DALLAS – What makes the Dallas Mavericks different is something that feels so mundane.


At any given practice, you will see Mavericks players pointing out instructions to each other, laughing on the sidelines, and looking as though they genuinely enjoy playing with and for one another. That’s normal, but it’s not that normal.

In the world of professional basketball, seeing a team enjoy each other to the level Dallas did last season, and after the first two days of training camp, this season provokes a sense of optimism from players and coaches that, together, Dallas will be able to punch above its weight in the crowded Western Conference.

The team’s belief isn’t a product of coach speak. It’s genuine and based on last season’s success and this season’s blank slate without a change in the overall approach.

“From day one, we bought in,” Dallas center Dwight Powell said. “Having open channels of communication is one of the things we are very good at. Open and honest communication is key. That is what helps us be successful.”

In practice Wednesday, the Mavericks’ communication was on display. The topic of discussion wasn’t necessarily exciting, but it was necessary – screening. And according to Powell, conversations surrounding what is a good screen or a bad screen or the angle a screener takes happened often.

“There are certain things we can do to give our guys advantages,” Powell said. “From top to bottom, we got to try and find those details to improve. That is where that communication comes in. It reinforces the good things and trying to correct the bad things. And it all works toward the final goal of winning games.”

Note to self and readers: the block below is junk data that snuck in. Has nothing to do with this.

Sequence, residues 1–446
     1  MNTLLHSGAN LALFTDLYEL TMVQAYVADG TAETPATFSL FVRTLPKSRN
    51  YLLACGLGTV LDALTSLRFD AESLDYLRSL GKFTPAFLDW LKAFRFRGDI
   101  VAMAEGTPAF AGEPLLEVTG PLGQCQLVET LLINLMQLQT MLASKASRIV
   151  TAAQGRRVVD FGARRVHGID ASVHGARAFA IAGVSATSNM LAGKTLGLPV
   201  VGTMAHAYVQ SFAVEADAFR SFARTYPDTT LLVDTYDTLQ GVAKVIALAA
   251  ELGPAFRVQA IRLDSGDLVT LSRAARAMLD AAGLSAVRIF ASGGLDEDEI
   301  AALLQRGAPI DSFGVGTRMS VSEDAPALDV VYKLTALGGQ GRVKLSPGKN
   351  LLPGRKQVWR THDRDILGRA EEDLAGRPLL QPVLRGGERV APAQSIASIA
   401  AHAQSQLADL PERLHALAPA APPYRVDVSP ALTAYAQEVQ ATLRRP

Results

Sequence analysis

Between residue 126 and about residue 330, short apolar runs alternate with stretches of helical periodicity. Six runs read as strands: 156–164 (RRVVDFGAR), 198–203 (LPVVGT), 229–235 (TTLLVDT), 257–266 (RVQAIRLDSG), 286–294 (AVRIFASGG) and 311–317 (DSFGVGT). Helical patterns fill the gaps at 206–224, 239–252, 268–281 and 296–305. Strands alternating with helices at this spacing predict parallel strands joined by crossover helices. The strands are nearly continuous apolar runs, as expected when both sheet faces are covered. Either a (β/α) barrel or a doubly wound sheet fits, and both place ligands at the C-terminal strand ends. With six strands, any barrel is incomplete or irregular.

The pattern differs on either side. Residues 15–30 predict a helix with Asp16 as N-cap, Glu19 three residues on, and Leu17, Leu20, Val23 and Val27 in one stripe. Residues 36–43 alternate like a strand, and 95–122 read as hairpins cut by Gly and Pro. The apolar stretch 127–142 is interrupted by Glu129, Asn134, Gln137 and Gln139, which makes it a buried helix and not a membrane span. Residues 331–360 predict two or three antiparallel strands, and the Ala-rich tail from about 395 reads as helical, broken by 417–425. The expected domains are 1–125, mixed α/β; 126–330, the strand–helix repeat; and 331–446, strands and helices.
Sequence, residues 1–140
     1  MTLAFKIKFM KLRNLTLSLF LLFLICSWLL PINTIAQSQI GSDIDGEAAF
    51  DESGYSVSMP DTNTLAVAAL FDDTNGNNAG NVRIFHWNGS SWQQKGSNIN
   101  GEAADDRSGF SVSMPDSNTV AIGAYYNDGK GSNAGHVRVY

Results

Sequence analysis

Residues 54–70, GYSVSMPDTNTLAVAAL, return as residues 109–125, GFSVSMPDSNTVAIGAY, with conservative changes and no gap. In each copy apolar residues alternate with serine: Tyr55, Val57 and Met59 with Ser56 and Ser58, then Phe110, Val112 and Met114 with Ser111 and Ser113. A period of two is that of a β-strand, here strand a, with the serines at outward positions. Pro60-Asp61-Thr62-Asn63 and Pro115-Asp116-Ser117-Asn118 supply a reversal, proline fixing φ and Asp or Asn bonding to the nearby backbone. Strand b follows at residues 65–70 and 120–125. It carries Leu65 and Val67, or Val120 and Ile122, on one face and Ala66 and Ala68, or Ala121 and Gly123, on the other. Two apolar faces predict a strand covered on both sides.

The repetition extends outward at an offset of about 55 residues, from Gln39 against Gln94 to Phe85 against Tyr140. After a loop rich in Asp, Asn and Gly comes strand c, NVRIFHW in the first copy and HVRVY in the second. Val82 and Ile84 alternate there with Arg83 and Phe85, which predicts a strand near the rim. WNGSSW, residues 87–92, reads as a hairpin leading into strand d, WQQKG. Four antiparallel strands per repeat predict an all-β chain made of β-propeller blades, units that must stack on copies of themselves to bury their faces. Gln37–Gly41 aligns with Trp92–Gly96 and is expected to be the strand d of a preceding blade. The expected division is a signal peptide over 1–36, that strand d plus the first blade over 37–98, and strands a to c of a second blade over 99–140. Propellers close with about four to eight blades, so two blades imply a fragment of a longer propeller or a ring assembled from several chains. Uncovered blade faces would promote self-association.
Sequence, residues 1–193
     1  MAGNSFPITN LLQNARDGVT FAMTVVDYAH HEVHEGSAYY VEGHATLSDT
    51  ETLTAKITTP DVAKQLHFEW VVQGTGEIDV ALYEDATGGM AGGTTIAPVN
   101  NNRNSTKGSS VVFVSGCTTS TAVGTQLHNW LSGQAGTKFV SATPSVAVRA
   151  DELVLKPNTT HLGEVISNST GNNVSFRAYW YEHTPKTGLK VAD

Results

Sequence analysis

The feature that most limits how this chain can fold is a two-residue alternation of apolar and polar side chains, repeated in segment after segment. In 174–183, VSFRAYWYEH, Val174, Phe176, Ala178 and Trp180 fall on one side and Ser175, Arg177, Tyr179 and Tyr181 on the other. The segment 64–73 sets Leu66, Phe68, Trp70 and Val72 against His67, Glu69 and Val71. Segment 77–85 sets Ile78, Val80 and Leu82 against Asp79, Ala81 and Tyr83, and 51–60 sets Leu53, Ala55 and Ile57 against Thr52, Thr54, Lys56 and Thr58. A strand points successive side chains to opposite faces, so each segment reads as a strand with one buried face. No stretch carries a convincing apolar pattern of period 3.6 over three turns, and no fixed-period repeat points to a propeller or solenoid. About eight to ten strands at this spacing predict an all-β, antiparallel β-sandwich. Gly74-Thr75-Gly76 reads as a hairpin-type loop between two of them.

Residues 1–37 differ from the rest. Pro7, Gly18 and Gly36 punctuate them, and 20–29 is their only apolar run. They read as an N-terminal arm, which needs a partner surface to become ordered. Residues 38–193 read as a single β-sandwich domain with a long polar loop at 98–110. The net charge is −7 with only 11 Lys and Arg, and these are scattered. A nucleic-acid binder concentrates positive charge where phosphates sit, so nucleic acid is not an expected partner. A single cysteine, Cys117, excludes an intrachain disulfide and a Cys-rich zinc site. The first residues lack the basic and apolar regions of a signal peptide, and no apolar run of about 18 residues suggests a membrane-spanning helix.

Head coach Jason Kidd embodies the notion of what works best being a statement of honesty. He laments himself as “too honest,” and to some degree, he’s right.

During media day on Monday, Kidd easily stated that he would be bringing offseason addition Christian Wood off the bench. Last season, he announced his starting five at the start of training camp. And during the 2021-22 season, he bludgeoned home his classic talking point of the team being a work in progress, “the NBA season is a marathon, not a spring,” he always said.

So, it’s only natural that, in his second season as head coach, the spirit of candidness pervasively attached itself to the Mavericks’ players.

It’s how he likes things.

“Our biggest thing is communication,” Kidd said. “We talk to everyone, from staff to players. We have a lot of guys who take listening first seriously. The communication is high because this is a good group of guys, and they want to win.”

Dallas’ effective communication factored into a moment during Tuesday’s practice that displayed what Kidd wants to see from his team. Rookie Jaden Hardy took a shot on the fast break that wasn’t the best look his team could have gotten. The veterans of the group pulled him to the side and explained why.

Hardy took the constructive criticism in stride. He listened, taking in the advice that will only make him a more efficient player down the road.

That’s what sets Dallas apart. Though the roster may not boast a second star or third primarily ball handler, the team makes up for its imperfections by talking about them. Already, that is doing more than most teams in the NBA.

Last season, transparency curated winning. Following a deep playoff run, it’s clear Dallas is trying to conjure that magic again during training camp.

“That’s the environment we have here,” Kidd said. “This is an open table. Everyone brings something to the mat that we can discuss because it might just help us win a game.”

And if you ask Powell, it all starts with simply talking.

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Feature image via Jerome Miron-USA TODAY Sports.